• Putting is tricky. For me, the FlingStick was too long (again, about a 3 wood) and too light (even with the putting slug) to putt with. It felt like I was putting with a headcover on.
  • Even though the walk on the course was easy, I found that flinging the ball took more overall physical effort than a normal golf shot (I am not saying that’s bad). After nine holes, my right forearm and right hip felt more strain (but not that much more) than I normally feel (I am right handed).

(For the record, I triple-bogied or more most holes, but had two bogies, which I thought was pretty good for the first time.)

I was told by two pros that one of the reasons why they thought FlingGolf would not catch on was because of the intimidation factor (big course with big hitting regular golf players who would look down at a FlingGolfer). After playing nine holes, I disagree. I quickly caught up to the foursome of traditional golfers in front of me (it’s an easy walk; there is not much of a practice swing; and the shots, although short, go straight). I was then joined by a threesome of traditional golfers behind me: two male bogey golfers and a female bogey golfer. I explained to them what I was doing, that it was my first time trying it, and that I was playing from the forward tees. They were intrigued, I parked my ego, and the four of us had a great time (easily keeping up with the group in front of us)!

Santiam Golf Club

And I think that’s where the success of FlingGolf might lie: a way for non-golfers to have easy access to a sport that is played on a golf course with friends or parents.  FlingGolf is extremely accessible. If you can’t find a FlingStick to rent, a FlingStick costs less than a couple of knock-off clubs (New Swarm has basic new FlingSticks for $124 and kids FlingSticks for $89). It is a very simple game to learn, takes only a few hurls to get decent yardage, and you go to your normal golf course.  Unlike foot or disc golf, you play the normal golf holes. Golfers and non-golfers can play a golf course, be challenged, and have a great time.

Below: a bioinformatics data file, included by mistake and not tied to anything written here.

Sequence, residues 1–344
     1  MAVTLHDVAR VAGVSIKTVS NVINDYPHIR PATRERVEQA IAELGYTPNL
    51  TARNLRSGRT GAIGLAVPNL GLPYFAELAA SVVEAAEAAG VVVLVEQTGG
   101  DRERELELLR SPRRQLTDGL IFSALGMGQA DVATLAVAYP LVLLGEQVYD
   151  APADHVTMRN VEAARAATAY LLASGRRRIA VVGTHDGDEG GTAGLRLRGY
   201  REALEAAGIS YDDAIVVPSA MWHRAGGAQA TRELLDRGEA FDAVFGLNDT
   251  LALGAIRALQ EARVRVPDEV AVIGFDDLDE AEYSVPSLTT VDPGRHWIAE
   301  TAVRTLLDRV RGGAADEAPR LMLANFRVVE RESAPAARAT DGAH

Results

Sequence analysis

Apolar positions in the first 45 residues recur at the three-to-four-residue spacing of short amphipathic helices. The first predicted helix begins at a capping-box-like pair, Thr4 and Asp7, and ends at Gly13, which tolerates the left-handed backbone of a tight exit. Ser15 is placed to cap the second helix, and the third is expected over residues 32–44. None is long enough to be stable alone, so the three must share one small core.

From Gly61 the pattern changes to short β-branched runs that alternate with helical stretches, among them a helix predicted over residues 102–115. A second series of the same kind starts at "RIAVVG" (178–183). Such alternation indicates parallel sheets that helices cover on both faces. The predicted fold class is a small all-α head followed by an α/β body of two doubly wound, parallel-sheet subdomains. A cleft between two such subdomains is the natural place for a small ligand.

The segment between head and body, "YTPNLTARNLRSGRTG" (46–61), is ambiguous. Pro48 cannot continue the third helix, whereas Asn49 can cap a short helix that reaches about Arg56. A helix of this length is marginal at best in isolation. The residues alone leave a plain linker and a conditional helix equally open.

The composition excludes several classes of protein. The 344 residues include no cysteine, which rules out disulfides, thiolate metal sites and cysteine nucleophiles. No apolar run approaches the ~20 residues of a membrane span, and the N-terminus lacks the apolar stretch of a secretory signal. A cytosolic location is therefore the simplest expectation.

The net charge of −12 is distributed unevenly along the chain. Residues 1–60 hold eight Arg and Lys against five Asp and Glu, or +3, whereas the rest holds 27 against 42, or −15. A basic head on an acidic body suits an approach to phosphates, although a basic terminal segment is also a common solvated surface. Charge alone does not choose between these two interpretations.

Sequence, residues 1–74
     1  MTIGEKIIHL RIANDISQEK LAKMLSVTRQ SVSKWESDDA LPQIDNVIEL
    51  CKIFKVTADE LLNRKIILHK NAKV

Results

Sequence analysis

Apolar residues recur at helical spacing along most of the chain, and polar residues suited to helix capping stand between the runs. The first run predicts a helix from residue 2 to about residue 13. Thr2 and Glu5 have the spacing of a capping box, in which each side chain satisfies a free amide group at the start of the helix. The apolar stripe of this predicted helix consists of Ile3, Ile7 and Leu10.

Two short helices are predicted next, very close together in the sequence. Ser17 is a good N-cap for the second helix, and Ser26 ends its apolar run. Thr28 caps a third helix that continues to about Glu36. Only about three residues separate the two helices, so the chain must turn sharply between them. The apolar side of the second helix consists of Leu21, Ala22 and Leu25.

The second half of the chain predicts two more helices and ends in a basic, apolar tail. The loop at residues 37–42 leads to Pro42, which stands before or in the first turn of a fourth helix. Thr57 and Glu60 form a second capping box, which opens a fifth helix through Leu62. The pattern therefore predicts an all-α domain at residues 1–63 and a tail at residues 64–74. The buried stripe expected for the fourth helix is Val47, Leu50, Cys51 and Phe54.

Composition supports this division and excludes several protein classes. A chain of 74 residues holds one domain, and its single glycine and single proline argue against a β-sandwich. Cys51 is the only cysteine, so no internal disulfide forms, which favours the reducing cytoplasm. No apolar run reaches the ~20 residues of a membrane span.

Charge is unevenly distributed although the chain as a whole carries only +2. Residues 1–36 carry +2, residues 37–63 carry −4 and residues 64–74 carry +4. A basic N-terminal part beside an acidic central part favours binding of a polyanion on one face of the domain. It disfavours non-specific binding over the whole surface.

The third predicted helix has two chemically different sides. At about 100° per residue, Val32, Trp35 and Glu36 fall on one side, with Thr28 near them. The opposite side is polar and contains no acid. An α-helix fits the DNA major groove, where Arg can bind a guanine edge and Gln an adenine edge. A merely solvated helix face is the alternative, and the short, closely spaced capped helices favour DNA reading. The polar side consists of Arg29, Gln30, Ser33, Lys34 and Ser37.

But I won’t be converting. I like the old game that I have played for so many years. But if I had a friend who didn’t play golf that I wanted to spend some time with, I would suggest he/she try FlingGolf and that we walk together. Because that is one of the reasons why I play: not to score well or hit a great shot (although those are nice), but to be outside in attractive places with people I enjoy. And in the one round that I had with the FlingStick, I discovered that golfers and flinggolfers can have a great time on the course together.

Thanks to the staff at Santiam Golf Club for taking the time to help me try FlingGolf.